As part of Tampa Mayor Bob Buckhorn's goal to make the city a more bike friendly community, the city has partnered with CycleHop, LLC and Social Bicycles to create a bicycle sharing program.
- During Oct. 2012, the City of Tampa released a request for proposals (RFP) to create a bicycle sharing program. The proposal would create a 300 bike and 30 station program throughout Tampa's downtown core, Ybor City and surrounding neighborhoods by Fall 2013.
Mayor Buckhorn's statement released March 6, "The idea for bicycle sharing is simply to give residents and visitors one more way to get around our urban core." Tampa is poised to follow a trend that's very popular in China and Europe although U.S. cities like Denver, New York, Miami, Washington D.C., and Minneapolis are enjoying successful bicycle programs as well.
Denver, CO (B-Cycle) - 500 bikes, 50 stations
Minneapolis, MN (Nice-Ride) - 700 bikes, 65 stations
Portland, OR - 750 bikes, 74 stations
Miami, FL (DecoBike) - 1,100 bikes, 100 stations
Washington, D.C. (CapitalBikeShare) - 1,100 bikes, 110 stations
New York, NY - 10,000 bikes, 600 stations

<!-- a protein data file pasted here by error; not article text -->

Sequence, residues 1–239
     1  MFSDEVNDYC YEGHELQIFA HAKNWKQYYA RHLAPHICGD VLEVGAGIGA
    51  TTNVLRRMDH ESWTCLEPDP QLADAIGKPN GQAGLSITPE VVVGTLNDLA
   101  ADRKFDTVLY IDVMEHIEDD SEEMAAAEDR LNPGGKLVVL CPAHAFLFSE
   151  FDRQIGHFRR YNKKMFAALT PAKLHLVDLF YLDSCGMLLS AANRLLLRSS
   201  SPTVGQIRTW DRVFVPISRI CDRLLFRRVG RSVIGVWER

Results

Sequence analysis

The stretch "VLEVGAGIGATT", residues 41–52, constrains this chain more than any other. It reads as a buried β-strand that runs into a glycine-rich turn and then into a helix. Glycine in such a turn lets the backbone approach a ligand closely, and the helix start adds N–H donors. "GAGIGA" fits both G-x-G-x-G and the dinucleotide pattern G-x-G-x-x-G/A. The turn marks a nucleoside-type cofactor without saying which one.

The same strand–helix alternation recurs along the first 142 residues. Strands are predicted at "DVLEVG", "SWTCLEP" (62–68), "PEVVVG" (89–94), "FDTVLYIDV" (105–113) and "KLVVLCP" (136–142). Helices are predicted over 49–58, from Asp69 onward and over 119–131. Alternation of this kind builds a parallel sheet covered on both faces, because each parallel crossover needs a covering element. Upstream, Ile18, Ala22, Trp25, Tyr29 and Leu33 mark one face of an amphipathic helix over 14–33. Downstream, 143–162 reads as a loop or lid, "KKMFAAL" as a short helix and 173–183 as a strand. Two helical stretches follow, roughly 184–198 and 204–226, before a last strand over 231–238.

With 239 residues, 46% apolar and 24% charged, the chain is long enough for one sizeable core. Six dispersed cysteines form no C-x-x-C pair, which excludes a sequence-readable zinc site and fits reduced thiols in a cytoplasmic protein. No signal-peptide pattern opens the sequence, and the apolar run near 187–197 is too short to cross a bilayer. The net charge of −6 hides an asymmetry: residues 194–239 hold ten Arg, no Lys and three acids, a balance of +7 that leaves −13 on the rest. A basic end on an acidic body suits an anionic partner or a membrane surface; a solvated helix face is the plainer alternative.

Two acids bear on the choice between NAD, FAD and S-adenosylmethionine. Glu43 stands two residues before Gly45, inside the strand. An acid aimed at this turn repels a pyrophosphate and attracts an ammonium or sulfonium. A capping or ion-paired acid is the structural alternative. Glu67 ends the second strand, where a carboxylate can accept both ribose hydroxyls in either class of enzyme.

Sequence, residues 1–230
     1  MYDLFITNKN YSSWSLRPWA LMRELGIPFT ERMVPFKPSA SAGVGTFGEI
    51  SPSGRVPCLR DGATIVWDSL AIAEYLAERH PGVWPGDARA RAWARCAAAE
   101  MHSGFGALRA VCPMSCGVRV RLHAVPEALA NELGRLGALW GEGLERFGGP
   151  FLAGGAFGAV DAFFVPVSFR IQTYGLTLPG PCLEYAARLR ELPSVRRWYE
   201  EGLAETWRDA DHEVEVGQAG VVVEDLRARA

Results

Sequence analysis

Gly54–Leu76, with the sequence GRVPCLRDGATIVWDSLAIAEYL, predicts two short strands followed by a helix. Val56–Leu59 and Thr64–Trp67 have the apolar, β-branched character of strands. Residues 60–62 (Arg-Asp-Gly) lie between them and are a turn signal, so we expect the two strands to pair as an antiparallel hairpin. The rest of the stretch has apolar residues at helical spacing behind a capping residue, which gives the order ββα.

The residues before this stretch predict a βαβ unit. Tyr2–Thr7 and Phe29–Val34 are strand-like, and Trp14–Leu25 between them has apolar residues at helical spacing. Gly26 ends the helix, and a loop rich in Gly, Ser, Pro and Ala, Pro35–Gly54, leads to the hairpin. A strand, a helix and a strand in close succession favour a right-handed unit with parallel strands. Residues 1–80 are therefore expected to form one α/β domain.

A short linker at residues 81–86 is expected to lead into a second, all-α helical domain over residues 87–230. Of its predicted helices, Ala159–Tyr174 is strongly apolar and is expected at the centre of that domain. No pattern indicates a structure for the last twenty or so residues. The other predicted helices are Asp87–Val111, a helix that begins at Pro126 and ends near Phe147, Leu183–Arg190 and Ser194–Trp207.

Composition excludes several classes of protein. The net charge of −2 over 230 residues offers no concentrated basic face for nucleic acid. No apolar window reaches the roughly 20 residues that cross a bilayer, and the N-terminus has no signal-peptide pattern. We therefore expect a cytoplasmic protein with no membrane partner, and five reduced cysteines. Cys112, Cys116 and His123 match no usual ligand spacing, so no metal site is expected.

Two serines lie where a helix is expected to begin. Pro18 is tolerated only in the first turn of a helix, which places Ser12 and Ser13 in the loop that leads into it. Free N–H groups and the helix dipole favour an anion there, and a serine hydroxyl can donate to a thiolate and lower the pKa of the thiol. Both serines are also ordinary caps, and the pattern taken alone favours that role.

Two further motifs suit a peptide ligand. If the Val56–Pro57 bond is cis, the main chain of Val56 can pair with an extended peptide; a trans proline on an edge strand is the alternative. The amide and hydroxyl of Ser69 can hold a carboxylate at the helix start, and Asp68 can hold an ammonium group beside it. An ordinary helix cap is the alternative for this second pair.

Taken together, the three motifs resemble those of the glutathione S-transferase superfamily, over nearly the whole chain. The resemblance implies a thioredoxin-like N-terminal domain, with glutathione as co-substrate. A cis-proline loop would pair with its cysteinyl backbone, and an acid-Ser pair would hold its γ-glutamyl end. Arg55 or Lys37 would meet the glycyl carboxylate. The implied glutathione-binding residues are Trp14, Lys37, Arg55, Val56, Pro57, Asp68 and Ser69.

Chicago, IL, Madison, WI and Boulder, CO also have bicycle sharing programs that provide convience and affordability for residents and visitors
. 3 types of bicycle sharing programs; 1 Unregulated 2 Deposit 3 Membership The unregulated programs are usually confined to a small area like a campus, but hugely unpopular due to vandalism and theft because anyone can use bikes without accountability or regulation. The deposit programs require a small cash deposit that release a bike from one locked station or terminal and deposit is retrieved when bike is returned to another station. The membership programs are used by registered members with membership cards, smart cards or cell phones that allow members to check out bikes for a short period of time (3 hrs or less) from various hubs or stations throughout a city.